Appellant Pro Se Attorneys for Appellee
William S. Bennett Steve Carter
Carlisle, Indiana Attorney General of Indiana
Ellen H. Meilaender
Deputy Attorney General
Indiana Supreme Court
William S. Bennett,
Appellant (Defendant below),
State of Indiana,
Appellee (Plaintiff below).
Appeal from the Harrison Superior Court, No. 31D01-9511-CF-811
The Honorable Roger D. Davis, Judge
On Petition To Transfer from the Indiana Court of Appeals, No. 31A01-0209-CR-337
February 5, 2004
William S. Bennett filed his Brief of Appellant after obtaining leave to file
a belated appeal. In response to a motion by the State, the Court
of Appeals dismissed the appeal on grounds of res judicata. We grant Bennetts
petition to transfer and address claims not previously addressed.
Facts and Procedural History
This case has a tortured history. However, for our purposes the relevant
facts are these. In 1995, Bennett pleaded guilty to attempted murder in
Crawford County and was sentenced to a term of forty years. In
that same year, he also pleaded guilty to robbery in an unrelated case
in Harrison County for which he was sentenced to a term of ten
years. The Harrison County trial court ordered the sentence to run consecutively
to the sentence imposed in Crawford County. Bennett filed a Motion to
Correct Erroneous Sentence challenging the trial courts authority to impose consecutive sentences.
In support, he cited Kendrick v. State, 529 N.E.2d 1311 (Ind. 1988) and
other pre-1995 cases. The trial court denied the motion, and Bennett sought
appellate review. However, the Court of Appeals dismissed the attempted appeal because
Bennetts Notice of Appeal was untimely filed. In an order denying transfer,
this Court addressed the merits of Bennetts claim. We noted, the General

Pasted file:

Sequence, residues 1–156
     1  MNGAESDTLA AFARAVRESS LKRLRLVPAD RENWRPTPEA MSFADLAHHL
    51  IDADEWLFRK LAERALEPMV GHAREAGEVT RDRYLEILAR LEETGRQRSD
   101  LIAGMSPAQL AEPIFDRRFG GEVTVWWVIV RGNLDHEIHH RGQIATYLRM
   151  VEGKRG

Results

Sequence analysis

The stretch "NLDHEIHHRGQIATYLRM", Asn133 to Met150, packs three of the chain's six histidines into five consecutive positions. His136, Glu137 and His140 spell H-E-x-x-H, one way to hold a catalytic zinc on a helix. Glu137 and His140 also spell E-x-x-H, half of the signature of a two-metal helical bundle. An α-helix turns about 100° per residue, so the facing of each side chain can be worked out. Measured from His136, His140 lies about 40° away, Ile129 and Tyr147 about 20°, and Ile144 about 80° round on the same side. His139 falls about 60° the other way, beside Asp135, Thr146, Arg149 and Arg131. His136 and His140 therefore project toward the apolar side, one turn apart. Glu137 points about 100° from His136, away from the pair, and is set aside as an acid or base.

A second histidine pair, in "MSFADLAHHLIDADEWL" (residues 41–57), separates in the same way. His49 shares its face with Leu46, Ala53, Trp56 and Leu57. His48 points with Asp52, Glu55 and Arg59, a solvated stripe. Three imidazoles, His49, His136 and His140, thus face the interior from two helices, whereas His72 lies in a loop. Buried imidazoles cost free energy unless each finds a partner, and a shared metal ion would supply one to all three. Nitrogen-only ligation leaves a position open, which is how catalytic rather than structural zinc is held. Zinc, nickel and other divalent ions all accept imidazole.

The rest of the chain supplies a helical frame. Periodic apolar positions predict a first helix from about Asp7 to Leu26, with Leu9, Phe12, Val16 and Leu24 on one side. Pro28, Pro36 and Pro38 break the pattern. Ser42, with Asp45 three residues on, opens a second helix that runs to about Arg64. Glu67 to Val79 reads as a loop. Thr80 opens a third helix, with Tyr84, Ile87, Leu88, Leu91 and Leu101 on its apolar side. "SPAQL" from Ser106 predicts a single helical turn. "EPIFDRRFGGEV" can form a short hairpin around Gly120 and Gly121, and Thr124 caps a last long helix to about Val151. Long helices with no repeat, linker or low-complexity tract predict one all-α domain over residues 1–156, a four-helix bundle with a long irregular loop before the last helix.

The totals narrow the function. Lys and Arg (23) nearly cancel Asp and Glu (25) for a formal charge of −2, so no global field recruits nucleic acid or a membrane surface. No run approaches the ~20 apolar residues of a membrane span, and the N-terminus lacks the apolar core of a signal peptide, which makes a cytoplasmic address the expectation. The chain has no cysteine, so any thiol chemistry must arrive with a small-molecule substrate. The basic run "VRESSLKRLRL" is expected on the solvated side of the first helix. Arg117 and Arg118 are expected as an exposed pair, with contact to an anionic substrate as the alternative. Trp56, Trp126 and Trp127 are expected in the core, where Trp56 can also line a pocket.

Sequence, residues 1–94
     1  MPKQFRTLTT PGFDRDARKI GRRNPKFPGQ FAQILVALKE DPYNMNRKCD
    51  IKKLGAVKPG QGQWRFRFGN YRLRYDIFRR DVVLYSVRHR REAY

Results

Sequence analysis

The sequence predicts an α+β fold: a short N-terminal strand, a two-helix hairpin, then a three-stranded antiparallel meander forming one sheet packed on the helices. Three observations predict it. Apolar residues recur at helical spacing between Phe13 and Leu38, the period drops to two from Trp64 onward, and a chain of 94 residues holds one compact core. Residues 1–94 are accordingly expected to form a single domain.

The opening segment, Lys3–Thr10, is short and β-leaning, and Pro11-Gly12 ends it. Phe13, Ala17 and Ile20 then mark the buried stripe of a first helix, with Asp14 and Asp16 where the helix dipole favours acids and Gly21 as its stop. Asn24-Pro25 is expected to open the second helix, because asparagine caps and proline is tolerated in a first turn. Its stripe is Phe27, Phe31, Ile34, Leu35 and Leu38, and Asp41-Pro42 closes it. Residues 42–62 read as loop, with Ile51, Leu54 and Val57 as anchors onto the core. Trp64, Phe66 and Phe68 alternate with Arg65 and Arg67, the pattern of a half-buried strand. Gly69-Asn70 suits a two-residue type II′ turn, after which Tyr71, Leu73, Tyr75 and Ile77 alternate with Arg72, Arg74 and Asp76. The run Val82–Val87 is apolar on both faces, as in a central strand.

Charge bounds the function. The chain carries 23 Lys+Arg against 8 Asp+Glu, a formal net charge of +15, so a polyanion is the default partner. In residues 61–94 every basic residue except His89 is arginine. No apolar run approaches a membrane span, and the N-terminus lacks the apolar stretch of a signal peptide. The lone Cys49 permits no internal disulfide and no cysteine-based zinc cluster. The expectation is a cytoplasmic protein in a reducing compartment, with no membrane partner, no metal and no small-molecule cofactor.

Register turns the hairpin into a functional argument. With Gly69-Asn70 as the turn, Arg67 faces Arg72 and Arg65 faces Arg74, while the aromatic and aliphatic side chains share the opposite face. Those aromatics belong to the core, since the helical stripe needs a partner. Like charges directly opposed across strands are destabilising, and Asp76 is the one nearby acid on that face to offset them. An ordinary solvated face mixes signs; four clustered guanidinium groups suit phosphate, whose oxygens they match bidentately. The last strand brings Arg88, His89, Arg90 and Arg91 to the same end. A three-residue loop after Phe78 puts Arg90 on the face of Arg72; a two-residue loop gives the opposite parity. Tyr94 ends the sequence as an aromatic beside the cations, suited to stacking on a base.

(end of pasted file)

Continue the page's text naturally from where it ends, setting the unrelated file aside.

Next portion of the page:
Assembly amended the applicable sentencing statute in 1994 to state that [t]he court
may order terms of imprisonment be served consecutively even if the sentences are
not imposed at the same time. Order dated February 15, 2002.
We further explained, [t]his amendment had the effect of overturning the contemporaneousness requirement
of Kendrick. Id.
Thereafter, Bennett sought and was granted leave by the Court of Appeals to
file a belated appeal. In his appellate brief, Bennett devoted the majority
of his argument challenging the trial courts authority to impose consecutive sentences.
In fact in his Statement of the Issues Bennetts sole contention was
whether trial court erred by imposing consecutive sentence. Br. of Appellant at
1. The State responded by filing a motion to dismiss on grounds
of res judicata arguing that this Court previously addressed the merits of the
consecutive sentencing issue in the order denying transfer. The Court of Appeals
agreed and dismissed the appeal. Buried near the end of Bennetts twenty-seven
page handwritten pro se brief, Bennett also contended the trial court erred (1)
in failing to articulate why consecutive sentences were being imposed, (2) in failing
to advise him that consecutive sentences could be imposed, and (3) in failing
to give him full credit for pre-trial confinement. See Br. of Appellant
at 23-26. We grant Bennetts petition to transfer and address these claims.
Bennett entered a plea agreement that provides in relevant part: Sentence: Ten (10)